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You probably spend far too many of your working hours in meetings. Chances are, you’ve contemplated how you can have less of them. But have you ever thought about how you can make those meetings more productive and beneficial? After all, they provide opportunities to showcase yourself as a star employee, and even present yourself as a potential leader of your company.

But to get there, you need to speak up in those meetings. Far too many of my clients don’t do that (which is why they come to me in the first place). By staying silent, they’re leaving potential career advancement opportunities on the table.

If you can’t cut the number of meetings, you can at least make them a more productive use of your time. Here are four things that might be stopping you from voicing your point of view, and how to push past those fears.


If you’re always around people who force their opinions in every conversation, you might be inclined to do the opposite. After all, you don’t want to be that annoying person, right?

But there is a difference between talking for the sake of talking and speaking up because you have something valuable to contribute. You don’t necessarily have to have an opinion for every meeting item, but when you do, you should make that clear. You can start off by voicing one opinion per meeting until you become comfortable with expressing your thoughts in front of your colleagues. The more you practice, the easier it becomes.


You’re unlikely to jump in with your thoughts if you’re the type of person who insists on finding perfect words to describe your ideas. But the thing is, your colleagues are probably not going to be paying that much attention to the words you say. Instead, they’re more likely to pay attention to your arguments. If you have a clear thesis, you don’t need fancy words (in fact, using them can backfire.)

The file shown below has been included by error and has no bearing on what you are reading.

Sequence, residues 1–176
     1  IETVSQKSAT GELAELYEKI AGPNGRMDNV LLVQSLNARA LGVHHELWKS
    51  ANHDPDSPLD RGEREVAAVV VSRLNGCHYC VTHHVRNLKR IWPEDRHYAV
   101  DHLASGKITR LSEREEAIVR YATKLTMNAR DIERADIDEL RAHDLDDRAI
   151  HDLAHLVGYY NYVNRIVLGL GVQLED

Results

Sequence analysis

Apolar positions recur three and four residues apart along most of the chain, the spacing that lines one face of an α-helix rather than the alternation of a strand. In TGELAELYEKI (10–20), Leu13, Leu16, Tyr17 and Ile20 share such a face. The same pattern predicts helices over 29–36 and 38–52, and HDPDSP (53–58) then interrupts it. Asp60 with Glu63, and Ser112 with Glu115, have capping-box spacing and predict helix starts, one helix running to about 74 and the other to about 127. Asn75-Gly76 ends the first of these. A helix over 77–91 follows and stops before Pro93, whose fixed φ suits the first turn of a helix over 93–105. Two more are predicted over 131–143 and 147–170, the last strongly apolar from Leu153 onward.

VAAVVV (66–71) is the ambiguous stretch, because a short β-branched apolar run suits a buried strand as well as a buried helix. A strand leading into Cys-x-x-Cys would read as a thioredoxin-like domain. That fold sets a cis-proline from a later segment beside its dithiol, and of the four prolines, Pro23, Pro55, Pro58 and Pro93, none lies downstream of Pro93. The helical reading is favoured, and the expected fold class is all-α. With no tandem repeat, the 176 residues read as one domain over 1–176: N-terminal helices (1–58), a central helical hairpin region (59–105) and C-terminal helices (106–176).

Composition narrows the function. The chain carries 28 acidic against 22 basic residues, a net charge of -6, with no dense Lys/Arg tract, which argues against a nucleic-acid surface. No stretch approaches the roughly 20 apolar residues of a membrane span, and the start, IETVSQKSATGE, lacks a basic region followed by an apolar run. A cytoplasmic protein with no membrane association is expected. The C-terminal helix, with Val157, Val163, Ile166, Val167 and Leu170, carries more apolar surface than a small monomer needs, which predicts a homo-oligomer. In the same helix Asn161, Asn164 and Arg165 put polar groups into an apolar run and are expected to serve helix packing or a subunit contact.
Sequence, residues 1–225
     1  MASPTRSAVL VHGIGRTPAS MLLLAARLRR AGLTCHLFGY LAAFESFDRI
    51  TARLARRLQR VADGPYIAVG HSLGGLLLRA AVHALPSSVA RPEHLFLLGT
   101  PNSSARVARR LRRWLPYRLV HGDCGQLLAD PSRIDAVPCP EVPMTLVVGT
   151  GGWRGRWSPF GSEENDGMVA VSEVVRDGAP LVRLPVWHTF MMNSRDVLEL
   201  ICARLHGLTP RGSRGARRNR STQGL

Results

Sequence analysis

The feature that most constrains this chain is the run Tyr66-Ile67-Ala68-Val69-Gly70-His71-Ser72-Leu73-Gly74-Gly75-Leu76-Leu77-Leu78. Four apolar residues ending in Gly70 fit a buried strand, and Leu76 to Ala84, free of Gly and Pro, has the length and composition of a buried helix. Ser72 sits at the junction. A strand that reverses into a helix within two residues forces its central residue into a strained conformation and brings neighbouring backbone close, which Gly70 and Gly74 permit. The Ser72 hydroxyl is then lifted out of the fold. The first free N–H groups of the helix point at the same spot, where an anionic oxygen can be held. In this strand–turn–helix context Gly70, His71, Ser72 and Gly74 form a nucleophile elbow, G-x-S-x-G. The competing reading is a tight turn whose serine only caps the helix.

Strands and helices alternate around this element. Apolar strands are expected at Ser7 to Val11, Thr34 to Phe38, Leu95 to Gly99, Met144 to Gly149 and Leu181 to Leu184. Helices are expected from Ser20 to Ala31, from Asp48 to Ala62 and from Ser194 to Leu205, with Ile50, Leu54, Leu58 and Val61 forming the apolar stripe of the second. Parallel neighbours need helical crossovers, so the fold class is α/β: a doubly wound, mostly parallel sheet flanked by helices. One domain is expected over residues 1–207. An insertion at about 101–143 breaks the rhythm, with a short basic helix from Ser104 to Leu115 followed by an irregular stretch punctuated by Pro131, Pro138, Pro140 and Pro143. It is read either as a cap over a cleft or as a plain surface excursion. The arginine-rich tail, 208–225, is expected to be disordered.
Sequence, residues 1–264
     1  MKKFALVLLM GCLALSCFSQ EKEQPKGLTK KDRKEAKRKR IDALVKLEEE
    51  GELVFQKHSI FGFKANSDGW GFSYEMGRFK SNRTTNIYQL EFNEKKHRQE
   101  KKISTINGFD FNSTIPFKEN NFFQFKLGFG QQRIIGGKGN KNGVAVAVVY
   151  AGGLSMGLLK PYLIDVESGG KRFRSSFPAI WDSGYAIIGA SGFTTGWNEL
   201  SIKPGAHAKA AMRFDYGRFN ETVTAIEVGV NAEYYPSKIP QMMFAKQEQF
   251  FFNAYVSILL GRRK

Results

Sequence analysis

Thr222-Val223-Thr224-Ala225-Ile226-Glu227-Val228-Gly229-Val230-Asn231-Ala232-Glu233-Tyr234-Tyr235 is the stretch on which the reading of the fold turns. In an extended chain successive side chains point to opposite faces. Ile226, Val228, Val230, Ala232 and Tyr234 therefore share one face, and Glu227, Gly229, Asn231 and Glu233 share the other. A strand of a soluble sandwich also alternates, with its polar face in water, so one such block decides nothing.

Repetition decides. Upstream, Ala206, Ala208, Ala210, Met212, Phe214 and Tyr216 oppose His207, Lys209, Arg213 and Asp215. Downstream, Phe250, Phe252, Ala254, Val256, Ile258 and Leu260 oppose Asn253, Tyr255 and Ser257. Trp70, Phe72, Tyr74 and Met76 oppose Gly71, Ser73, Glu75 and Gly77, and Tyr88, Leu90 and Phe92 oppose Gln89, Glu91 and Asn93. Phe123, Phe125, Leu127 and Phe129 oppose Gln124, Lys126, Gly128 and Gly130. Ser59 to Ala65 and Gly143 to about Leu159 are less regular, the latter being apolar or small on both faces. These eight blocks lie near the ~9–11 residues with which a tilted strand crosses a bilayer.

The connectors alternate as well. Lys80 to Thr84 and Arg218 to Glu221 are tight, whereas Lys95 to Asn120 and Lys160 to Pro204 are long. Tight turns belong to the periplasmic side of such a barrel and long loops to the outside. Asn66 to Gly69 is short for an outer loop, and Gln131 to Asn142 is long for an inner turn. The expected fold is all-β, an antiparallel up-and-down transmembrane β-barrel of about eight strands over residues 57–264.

Remember also that your listeners will be filtering your words through their own assumptions and interpretations, so focusing on them won’t make your messages more effective. Rather than getting too hung up on your vocabulary, include an anecdote. That allows you to connect with your colleagues at a personal level, and they’re more likely to resonate with your message.


Perfectionists like to micromanage their ideas until they feel that they’re 100% “right” or “perfect.” But by the time they’re happy with them, they’ve missed their chance to make their mark. Perhaps their employer has moved on or started implementing other people’s ideas already.

The solution to this is simple, though not easy–give up this goal of perfection. Think about your ideas like minimum viable products–something to test out and fine-tune later. Trust that your ideas are good enough to mention in meetings. If you sense that your boss and colleagues are interested in pursuing it further, then you can refine it.


One of the biggest barriers to speaking up in meetings is simply underestimating yourself. You might feel unqualified to discuss subjects outside of your area of expertise. You need to get rid of this mind-set if you want to be perceived as a leader. Leaders don’t know everything, but they are comfortable expressing their perspective. Remember, vocalizing your thoughts on one subject matter doesn’t mean going into nitty-gritty details. You can point out an overarching issue, then defer to a subject-matter expert when discussions take a more technical turn.

You don’t need to be a chatterbox to gain credibility as a leader or high-performing employee. You do, however, need to make your opinions known when it comes to important issues. By understanding your resistance to speaking up in meetings, you can learn to push past those fears. You won’t get there overnight, but with plenty of practice, you’ll find that it becomes easier.

ABOUT THE AUTHOR: Anett Grant is the CEO of Executive Speaking, Inc. and the author of multiple e-books on speaking.

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